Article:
Take a look at the collection, and you'll see it's not limited to accounts from those who served on ships at sea, members of the other branches are well-represented.
I'm fortunate to have met USNI's Mary Ripley, she's responsible for the institute's oral history program (and she's the daughter of the late John Ripley, whose story is told here). She also deserves much credit for their blog. ("We're not the Navy nor any government agency. Blog and comment freely.") We met at a milblog conference - Mary knew (and I would come to realize) that milbloggers are the 21st-century version of exactly what the US Naval Institute is all about. Once that light bulb came on in my head, I mentioned a vague idea for a project to her - milblogs as the 21st century oral history that they are.
"Put that in writing," she said (of course - see first paragraph above!) - and here's part of the result.
Shortly after the first tent was pitched by the American military in Iraq a wire was connected to a computer therein, and the internet was available to a generation of Americans at war - many of whom had grown up online. From that point on, at any given moment, somewhere in Iraq a Soldier, Sailor, Airman or Marine was at a keyboard sharing the events of his or her day with the folks back home. While most would simply fire off an email, others took advantage of the (then) relatively new online blogging platforms to post their thoughts and experiences for the entire world to see. The milblog was born - and from that moment to this stories detailing everything from the most mundane aspects of camp life to intense combat action (often described within hours of the event) have been available on the web...
And et cetera - but since you're reading this on a milblog, you probably knew that. And you know that milblogs aren't just blogs written by troops at war, that many friends, family members, and supporters likewise documented their story of America at war online in near-real time, as those stories developed.
The diversity in membership of that group is broad, the one thing we all have in common is the impulse to make sense of the seemingly senseless, and communicate the tale - for each of us that impulse was strong enough to overcome whatever barriers prevent the vast majority of people from doing the same. Everyone at some point has some vague idea they believe should be shared - we were the people who, from some combination of internal and external urging, found and spent those many half hours persistently trying to write it down.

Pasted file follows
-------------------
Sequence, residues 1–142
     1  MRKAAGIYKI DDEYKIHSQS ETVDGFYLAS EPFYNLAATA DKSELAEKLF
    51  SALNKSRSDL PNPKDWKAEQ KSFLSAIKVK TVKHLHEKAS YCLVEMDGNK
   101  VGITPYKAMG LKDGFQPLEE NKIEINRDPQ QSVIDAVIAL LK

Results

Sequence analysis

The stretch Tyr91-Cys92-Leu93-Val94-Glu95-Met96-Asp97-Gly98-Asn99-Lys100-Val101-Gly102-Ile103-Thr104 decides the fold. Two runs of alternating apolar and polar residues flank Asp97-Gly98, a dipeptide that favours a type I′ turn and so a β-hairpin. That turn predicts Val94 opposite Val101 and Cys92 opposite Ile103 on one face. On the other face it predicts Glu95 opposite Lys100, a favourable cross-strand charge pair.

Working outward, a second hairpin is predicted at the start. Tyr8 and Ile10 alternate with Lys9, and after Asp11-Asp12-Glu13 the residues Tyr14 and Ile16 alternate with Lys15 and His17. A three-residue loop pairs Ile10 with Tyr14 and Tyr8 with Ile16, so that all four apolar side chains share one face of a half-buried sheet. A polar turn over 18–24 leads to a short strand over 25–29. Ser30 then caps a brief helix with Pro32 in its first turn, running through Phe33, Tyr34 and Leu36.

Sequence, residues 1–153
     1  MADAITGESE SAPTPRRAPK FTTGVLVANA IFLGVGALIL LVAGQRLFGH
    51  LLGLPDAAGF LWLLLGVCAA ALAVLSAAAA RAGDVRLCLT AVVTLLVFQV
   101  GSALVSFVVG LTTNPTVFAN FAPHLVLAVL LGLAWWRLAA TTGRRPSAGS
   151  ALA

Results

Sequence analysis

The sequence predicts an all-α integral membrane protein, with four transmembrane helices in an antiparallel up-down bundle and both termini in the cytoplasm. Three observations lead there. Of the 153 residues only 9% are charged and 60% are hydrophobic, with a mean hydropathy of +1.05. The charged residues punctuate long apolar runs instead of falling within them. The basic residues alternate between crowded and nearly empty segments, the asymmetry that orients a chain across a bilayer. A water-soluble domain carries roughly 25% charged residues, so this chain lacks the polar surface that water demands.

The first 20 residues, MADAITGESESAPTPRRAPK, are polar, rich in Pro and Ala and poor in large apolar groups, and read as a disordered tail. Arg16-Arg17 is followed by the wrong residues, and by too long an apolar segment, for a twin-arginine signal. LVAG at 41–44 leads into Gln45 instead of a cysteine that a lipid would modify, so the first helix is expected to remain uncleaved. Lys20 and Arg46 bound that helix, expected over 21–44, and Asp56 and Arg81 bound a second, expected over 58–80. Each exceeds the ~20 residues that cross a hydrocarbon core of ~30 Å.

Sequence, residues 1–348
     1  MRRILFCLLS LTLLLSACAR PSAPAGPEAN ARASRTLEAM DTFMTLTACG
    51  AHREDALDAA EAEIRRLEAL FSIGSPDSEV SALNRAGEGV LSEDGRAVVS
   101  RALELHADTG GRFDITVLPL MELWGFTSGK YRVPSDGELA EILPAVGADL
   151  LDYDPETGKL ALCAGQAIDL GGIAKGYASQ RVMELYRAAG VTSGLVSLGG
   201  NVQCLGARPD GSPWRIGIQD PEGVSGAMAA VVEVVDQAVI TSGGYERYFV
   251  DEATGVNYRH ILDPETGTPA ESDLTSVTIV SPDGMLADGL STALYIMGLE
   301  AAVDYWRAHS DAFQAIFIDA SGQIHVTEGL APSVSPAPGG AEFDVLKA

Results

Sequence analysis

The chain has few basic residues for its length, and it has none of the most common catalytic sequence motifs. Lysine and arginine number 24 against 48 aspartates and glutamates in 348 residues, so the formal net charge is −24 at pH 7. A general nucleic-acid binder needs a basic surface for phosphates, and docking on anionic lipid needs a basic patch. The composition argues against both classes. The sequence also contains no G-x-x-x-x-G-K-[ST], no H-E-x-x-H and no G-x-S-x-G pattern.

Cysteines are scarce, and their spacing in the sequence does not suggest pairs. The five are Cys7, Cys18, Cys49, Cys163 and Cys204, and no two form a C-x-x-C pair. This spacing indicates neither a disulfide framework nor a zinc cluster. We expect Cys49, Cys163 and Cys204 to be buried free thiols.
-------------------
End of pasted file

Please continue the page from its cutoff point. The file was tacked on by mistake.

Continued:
But where will all that be in another 137 years? Or five or ten, for that matter. That's something I've asked myself since at least 2004 - when I wrote this:
Membership in the ghost battalion has grown in the years since, and an ever growing majority of those abandoned-but-still-standing sites are vanishing. Have you checked out Lt Smash's site lately? How about Sgt Hook's? If you're a long-time milblog reader you know the first widely-read milblog from Operation Iraq Freedom and the first widely-read milblog from Afghanistan are both gone from the web. If you're a relative newcomer to this world you may never even have heard of them - or the dozens upon dozens of others who carried forth the standard they set down.
If you have a vague notion that something should be done about that, (a notion I've heard expressed more than once...) then you and I and the good folks at the US Naval Institute are in agreement. Preserving the history documented by the milbloggers is just one of the goals of the milblog project, the once-vague idea that we're now making real.
And it's a big idea, if I say so myself - too big to explain in one simple blog post, so stand by for more. Likewise, it's too big a task to be accomplished by just one person. So if you're a milblogger (and exactly what is a milblogger? is a topic for much further discussion on its own) I'm asking for your help. All I'll really need is just a little bit (maybe just one or two of those half hours...) of your time, and your willingness to tell the tale.
We've already made history, it's time to save it.
(More to follow...)